Perceptions of health and their relationship to symptoms in African American women with type 2 diabetes.

Journal Article

Diabetes mellitus is an incurable disease and a major cause of mortality and morbidity. Diabetes disproportionately affects members of minorities who suffer from higher rates of complications and greater disability (Cowie & Eberhardt, 1996). The purpose of this study was to (a) describe the symptoms of African American women with Type 2 diabetes and examine the relationship among diabetes-related symptoms; (b) document complications of diabetes and perceptions of health and functioning; and (c) examine the relationship between duration of diabetes and age at diagnosis and perceived health. A convenience sample of 75 African American women with Type 2 diabetes were interviewed. A 44-item questionnaire measured selected demographic variables, symptoms, documented complications, and their perceived relationship to diabetes. The SF-20 was used to measure perceptions of health status. Data show that African American women with Type 2 diabetes have a wide variety of symptoms and poor perceptions of their general health and physical functioning.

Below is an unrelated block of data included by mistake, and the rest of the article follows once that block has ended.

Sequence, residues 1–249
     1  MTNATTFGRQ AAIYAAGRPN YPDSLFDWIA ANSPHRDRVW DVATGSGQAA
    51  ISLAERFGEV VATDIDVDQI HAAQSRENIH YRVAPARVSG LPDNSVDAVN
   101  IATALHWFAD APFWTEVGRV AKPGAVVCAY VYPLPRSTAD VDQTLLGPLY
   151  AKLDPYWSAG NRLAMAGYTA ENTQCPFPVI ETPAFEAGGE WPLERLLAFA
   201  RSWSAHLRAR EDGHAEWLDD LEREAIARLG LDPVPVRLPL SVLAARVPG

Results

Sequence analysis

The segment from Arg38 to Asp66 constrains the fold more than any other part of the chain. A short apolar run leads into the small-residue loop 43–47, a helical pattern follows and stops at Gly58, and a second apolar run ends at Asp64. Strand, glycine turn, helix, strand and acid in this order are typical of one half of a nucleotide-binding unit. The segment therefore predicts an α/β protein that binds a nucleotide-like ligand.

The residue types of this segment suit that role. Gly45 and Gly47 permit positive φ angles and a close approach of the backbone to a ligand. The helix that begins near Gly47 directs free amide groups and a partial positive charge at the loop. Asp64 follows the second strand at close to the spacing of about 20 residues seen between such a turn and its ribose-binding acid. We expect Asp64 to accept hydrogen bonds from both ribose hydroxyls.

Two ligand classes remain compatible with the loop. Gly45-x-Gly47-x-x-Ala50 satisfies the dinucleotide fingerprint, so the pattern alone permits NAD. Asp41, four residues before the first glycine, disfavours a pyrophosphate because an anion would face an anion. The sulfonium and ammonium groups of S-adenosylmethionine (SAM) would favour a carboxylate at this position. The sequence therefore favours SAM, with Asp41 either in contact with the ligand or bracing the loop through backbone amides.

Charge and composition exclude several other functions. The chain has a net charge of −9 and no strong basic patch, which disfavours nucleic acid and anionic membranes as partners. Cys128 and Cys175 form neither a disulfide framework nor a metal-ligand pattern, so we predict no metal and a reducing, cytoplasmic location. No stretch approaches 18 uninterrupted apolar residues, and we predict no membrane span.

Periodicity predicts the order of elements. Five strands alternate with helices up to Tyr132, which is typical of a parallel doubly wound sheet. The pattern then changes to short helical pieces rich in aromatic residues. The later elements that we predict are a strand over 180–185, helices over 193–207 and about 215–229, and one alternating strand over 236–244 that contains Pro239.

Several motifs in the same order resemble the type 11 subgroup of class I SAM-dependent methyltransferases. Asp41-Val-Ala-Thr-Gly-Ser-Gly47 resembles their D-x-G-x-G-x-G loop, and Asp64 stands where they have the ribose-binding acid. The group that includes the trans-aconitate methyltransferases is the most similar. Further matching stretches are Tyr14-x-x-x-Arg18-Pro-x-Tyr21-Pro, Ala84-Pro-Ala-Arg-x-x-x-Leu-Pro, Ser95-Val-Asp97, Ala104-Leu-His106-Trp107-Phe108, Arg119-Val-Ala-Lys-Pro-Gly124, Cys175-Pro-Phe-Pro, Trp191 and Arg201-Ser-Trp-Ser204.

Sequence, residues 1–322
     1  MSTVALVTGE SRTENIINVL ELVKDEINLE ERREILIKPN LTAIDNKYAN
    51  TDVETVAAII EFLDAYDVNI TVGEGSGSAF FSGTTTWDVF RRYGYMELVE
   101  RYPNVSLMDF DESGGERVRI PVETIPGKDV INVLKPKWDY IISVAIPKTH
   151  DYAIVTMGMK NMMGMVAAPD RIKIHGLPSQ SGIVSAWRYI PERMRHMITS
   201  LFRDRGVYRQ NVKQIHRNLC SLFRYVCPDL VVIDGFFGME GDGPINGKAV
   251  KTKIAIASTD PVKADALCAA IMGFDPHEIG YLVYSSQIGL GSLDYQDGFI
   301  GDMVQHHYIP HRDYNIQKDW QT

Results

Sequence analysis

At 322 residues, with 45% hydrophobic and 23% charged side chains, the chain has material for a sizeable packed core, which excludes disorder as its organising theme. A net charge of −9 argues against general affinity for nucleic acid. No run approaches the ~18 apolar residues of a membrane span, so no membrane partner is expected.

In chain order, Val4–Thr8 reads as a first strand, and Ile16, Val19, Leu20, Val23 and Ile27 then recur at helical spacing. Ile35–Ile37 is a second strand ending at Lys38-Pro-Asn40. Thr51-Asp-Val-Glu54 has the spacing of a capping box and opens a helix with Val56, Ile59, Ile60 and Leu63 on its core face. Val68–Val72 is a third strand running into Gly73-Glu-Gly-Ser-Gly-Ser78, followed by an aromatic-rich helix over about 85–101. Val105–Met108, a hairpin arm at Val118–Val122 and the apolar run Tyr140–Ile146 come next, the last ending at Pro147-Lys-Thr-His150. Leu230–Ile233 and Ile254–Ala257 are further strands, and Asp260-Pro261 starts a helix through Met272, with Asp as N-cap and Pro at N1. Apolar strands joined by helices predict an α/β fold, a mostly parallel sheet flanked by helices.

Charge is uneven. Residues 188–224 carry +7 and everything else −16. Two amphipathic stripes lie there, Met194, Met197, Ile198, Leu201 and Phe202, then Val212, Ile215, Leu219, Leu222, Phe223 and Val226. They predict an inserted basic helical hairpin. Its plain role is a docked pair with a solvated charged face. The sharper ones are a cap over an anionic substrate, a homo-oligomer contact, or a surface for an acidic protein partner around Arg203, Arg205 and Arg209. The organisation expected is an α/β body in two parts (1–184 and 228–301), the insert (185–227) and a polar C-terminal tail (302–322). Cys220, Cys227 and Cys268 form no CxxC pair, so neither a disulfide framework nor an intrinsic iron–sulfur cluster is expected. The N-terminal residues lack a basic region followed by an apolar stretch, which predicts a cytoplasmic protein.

Full Text

Duke Authors

Cited Authors

  • Stover, JC; Skelly, AH; Holditch-Davis, D; Dunn, PF

Published Date

  • May 2001

Published In

Volume / Issue

  • 14 / 2

Start / End Page

  • 72 - 80

PubMed ID

  • 11319702

International Standard Serial Number (ISSN)

  • 0897-1897

Digital Object Identifier (DOI)

  • 10.1053/apnr.2001.22372

Language

  • eng

Conference Location

  • United States